The answer to this question can be found in Chapter 22, when Sherburn, after killing the poor drunken Boggs for insulting him, is actually used by Twain to voice his feelings about the cowardice that lies at the heart of humanity. Note what he says to the mob that have been whipped up to go and lynch him for his crime as he faces them down with a gun:
The idea of you lynching anybody! It's amusing. The idea of you thinking you had pluck enough to lynch a man! Because you're brave enough to tar and feather poor friendless cast-out women that come along here, did that make you think you had grit enough to lay your hands on a man? Why a man's safe in the hands of ten thousand of your kind--as long as it's daytime and you're not behind him.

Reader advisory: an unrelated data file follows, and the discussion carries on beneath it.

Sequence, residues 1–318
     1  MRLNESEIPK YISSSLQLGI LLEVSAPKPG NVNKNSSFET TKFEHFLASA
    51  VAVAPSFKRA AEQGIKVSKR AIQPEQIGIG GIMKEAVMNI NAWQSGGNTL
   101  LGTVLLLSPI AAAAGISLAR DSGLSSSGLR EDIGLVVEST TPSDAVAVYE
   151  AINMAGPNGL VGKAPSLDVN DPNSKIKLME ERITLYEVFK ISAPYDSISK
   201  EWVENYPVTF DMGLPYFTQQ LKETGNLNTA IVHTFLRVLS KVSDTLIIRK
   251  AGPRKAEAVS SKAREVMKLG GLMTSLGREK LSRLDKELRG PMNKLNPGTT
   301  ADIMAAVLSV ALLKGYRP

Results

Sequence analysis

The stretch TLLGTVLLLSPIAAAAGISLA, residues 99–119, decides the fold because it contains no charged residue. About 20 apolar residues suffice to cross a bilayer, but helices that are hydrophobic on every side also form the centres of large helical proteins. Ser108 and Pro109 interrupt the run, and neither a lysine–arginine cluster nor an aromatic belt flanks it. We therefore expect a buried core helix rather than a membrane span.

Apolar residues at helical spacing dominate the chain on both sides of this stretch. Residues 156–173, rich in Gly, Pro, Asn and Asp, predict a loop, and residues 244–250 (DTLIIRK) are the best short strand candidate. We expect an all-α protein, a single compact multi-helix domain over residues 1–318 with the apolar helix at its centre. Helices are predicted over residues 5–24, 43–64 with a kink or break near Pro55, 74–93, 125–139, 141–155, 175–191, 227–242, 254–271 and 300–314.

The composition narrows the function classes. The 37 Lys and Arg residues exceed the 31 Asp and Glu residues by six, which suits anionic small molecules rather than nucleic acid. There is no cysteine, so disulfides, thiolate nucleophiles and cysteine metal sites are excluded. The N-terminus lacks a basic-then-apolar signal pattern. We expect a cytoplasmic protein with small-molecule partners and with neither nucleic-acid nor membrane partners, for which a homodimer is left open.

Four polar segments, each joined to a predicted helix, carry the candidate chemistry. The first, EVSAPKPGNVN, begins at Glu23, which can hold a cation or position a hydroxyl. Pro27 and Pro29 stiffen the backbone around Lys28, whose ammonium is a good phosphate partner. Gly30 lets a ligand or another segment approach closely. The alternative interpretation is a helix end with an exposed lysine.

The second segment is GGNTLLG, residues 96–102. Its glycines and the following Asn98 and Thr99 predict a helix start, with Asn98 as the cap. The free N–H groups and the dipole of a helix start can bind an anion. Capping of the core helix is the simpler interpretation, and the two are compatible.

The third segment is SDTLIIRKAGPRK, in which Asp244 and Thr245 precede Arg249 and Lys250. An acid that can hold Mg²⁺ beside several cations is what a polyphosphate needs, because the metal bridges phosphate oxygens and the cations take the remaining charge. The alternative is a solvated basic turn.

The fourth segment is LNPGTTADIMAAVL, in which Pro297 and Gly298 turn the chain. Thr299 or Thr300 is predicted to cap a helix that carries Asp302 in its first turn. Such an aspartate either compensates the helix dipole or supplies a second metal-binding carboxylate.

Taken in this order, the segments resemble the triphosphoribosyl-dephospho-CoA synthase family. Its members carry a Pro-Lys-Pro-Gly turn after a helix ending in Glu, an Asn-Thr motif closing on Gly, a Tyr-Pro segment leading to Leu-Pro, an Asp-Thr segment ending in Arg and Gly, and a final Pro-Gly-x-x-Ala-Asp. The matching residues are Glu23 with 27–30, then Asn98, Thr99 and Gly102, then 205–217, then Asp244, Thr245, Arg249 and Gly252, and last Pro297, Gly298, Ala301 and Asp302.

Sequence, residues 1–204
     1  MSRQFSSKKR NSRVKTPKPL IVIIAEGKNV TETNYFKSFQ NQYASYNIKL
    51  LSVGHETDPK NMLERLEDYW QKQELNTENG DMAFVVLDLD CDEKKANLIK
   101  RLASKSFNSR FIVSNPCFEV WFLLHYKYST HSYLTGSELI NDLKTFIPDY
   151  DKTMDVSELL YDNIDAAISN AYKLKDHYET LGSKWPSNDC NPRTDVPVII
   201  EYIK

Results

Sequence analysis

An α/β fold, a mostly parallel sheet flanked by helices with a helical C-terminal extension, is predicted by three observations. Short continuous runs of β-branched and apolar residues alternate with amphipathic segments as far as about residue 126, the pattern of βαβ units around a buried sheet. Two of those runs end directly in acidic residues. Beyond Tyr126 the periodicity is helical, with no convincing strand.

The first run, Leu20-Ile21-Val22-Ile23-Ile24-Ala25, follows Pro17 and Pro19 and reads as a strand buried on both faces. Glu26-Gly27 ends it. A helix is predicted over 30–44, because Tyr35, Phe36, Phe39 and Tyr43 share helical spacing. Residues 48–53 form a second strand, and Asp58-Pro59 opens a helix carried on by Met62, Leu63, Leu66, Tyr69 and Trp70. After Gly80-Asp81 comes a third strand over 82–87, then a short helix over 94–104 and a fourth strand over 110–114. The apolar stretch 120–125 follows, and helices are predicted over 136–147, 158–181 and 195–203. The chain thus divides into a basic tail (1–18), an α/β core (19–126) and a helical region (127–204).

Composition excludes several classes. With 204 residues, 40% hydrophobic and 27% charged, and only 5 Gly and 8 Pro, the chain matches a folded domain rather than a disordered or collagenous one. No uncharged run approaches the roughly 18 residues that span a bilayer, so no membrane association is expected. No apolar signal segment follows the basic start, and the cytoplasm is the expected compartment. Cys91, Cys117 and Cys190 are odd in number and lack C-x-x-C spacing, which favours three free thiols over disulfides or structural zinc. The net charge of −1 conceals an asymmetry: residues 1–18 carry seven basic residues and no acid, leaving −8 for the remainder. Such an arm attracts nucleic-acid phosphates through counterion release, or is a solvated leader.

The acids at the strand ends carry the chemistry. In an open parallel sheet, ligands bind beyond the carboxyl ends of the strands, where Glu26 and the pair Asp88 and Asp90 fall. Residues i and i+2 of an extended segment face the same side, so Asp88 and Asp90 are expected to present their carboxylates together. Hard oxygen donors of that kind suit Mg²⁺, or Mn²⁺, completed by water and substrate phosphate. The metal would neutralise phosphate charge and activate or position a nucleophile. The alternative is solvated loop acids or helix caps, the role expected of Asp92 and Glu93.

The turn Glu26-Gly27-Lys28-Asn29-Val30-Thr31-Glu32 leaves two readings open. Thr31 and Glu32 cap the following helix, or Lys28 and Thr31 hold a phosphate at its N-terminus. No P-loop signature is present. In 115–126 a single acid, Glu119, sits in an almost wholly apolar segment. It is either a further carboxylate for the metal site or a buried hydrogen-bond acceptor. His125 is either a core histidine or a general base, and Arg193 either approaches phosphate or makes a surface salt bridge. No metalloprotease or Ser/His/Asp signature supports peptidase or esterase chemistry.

Sherburn is used by Twain to harshly criticise the moral cowardice that lies at the heart of so many men. A huge crowd may be easily whipped up into a frenzy, but that does not make them men. Sherburn, with the ease in which he faces them down, clearly displays that they are not "men" and are just cowards, and makes a harshly critical point when he talks about how so many mobs pick on those who are defenceless anyway, such as solitary women. Just because they can lynch a woman does not make them a man. The fact that Twain uses Sherburn, who has shown himself to be a callous killer, to give these words makes his message all the more forceful.